A syndicate is a self-organizing group of individuals, companies, corporations or entities formed to transact some specific business, to pursue or promote a shared interest.
Mikhail Maratovich Fridman is a Russian business magnate. He also holds Israeli citizenship. He co-founded Alfa-Group, a multinational Russian conglomerate. According to Forbes, he was the seventh richest Russian as of 2017. In May 2017, he was also ranked as Russia's most important businessman by bne IntelliNews.
Claus Spreckels, formally Adolph Claus J. Spreckels, , was a major industrialist in Hawai'i during the kingdom, republican and territorial periods of the islands' history. He also involved himself in several California enterprises, most notably the company that bears his name, Spreckels Sugar Company.
In the late 19th century a captain of industry was a business leader whose means of amassing a personal fortune contributed positively to the country in some way. This may have been through increased productivity, expansion of markets, providing more jobs, or acts of philanthropy. This characterization contrasts with that of the robber baron, a business leader using political means to achieve personal ends.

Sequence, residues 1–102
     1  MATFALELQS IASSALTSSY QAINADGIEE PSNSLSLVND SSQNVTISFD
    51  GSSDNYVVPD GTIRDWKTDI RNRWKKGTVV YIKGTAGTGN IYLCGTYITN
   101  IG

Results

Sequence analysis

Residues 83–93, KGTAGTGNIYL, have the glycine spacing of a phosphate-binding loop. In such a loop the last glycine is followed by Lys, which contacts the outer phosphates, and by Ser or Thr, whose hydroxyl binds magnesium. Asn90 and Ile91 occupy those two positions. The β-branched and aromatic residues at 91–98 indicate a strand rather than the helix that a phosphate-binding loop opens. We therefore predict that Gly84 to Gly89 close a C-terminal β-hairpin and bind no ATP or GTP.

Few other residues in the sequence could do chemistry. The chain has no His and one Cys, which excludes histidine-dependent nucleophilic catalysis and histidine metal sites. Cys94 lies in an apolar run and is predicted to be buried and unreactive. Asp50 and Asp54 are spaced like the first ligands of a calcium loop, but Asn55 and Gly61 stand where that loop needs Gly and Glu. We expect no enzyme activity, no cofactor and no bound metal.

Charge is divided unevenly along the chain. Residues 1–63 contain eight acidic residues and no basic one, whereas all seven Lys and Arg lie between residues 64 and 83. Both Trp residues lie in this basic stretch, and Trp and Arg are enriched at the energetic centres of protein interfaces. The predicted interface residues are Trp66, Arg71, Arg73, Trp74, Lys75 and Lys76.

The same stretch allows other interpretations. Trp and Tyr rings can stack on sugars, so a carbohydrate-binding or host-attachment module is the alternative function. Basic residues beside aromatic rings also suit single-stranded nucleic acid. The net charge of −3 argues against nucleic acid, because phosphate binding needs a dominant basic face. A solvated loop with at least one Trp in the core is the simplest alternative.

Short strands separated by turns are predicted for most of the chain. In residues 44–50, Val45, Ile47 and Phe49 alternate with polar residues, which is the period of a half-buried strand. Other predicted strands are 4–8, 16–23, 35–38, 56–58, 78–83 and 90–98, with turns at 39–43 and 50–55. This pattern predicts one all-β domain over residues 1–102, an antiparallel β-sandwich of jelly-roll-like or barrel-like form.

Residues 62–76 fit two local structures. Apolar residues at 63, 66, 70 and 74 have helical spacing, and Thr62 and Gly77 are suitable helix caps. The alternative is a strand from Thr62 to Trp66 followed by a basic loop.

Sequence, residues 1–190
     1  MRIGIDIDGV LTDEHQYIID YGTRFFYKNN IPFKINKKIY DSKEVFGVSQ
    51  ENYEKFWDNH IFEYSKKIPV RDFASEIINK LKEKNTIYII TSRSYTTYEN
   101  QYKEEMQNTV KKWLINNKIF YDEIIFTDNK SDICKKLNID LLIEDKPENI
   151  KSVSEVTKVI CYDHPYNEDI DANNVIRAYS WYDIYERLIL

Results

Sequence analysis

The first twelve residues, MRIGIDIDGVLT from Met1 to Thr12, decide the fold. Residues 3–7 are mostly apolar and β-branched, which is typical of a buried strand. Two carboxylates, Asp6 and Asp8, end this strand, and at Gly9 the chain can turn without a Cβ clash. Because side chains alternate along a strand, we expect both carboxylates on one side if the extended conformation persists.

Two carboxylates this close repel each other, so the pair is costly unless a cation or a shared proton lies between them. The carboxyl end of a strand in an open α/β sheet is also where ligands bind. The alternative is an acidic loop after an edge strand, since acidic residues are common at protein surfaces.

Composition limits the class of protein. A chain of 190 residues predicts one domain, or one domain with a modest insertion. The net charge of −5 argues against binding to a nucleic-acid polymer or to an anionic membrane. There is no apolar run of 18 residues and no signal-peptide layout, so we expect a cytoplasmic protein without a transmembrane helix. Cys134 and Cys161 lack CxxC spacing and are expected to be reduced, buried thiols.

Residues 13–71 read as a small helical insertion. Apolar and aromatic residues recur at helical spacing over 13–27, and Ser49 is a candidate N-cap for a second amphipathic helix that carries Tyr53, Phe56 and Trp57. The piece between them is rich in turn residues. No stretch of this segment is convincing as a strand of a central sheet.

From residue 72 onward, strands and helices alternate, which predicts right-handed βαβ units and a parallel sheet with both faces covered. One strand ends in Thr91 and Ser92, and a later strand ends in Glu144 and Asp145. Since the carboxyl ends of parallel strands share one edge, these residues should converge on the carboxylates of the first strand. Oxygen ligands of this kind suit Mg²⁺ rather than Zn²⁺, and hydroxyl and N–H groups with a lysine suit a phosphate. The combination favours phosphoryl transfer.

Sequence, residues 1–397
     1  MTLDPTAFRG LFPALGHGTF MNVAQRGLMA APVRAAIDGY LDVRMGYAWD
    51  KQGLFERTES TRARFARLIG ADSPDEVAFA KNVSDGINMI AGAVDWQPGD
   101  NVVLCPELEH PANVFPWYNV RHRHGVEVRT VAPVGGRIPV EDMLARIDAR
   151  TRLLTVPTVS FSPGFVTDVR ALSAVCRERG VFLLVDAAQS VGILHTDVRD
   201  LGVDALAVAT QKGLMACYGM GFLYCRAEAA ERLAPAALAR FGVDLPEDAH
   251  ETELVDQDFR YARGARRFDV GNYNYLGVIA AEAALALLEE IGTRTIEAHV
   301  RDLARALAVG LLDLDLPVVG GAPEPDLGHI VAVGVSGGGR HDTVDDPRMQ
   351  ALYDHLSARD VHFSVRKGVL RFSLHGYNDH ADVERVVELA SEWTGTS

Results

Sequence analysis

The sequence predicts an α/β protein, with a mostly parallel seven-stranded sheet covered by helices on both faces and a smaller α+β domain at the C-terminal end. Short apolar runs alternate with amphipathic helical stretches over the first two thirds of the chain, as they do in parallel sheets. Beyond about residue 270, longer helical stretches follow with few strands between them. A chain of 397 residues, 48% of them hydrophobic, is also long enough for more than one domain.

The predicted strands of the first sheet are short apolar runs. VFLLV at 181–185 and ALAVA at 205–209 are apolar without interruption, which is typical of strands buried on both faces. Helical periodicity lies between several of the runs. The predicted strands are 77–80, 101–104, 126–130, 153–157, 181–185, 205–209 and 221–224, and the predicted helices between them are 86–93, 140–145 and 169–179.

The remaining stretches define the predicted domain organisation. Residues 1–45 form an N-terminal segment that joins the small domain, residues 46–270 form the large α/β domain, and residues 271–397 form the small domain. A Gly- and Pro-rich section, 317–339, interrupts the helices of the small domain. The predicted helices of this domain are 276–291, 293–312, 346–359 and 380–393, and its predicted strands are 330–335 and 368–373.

Russian oligarchs are business oligarchs of the former Soviet republics who rapidly accumulated wealth during the era of Russian privatization in the aftermath of the dissolution of the Soviet Union in the 1990s. The failing Soviet state left the ownership of state assets contested, which allowed for informal deals with former USSR officials as a means to acquire state property. Historian Edward L. Keenan has drawn a comparison between the current Russian phenomenon of oligarchs and the system of powerful boyars which emerged in late-Medieval Muscovy.